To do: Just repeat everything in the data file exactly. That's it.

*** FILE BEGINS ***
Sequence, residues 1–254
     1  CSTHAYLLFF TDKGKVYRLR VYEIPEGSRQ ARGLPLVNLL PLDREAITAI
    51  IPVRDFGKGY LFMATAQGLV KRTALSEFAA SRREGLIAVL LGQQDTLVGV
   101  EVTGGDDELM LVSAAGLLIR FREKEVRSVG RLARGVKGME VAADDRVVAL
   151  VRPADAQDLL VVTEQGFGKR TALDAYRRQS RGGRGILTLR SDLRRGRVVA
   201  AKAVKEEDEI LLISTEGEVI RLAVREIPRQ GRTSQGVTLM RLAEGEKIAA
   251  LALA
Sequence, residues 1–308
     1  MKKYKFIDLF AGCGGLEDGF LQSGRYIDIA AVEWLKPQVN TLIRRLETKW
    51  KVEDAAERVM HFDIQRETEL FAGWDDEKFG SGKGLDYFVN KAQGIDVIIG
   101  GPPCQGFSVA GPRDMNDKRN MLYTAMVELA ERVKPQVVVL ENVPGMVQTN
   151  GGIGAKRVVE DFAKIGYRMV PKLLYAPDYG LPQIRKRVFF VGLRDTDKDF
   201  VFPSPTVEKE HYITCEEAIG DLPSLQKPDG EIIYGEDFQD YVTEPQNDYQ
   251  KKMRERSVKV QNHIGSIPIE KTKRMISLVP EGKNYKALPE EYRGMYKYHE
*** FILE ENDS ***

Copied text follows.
Sequence, residues 1–254
     1  CSTHAYLLFF TDKGKVYRLR VYEIPEGSRQ ARGLPLVNLL PLDREAITAI
    51  IPVRDFGKGY LFMATAQGLV KRTALSEFAA SRREGLIAVL LGQQDTLVGV
   101  EVTGGDDELM LVSAAGLLIR FREKEVRSVG RLARGVKGME VAADDRVVAL
   151  VRPADAQDLL VVTEQGFGKR TALDAYRRQS RGGRGILTLR SDLRRGRVVA
   201  AKAVKEEDEI LLISTEGEVI RLAVREIPRQ GRTSQGVTLM RLAEGEKIAA
   251  LALA
Sequence, residues 1–308
     1  MKKYKFIDLF AGCGGLEDGF LQSGRYIDIA AVEWLKPQVN TLIRRLETKW
    51  KVEDAAERVM HFDIQRETEL FAGWDDEKFG SGKGLDYFVN KAQGIDVIIG
   101  GPPCQGFSVA GPRDMNDKRN MLYTAMVELA ERVKPQVVVL ENVPGMVQTN
   151  GGIGAKRVVE DFAKIGYRMV PKLLYAPDYG LPQIRKRVFF VGLRDTDKDF
   201  VFPSPTVEKE HYITCEEAIG DLPSLQKPDG EIIYGEDFQD YVTEPQNDYQ
   251  KKMRERSVKV QNHIGSIPIE KTKRMISLVP EGKNYKALPE EYRGMYKYHE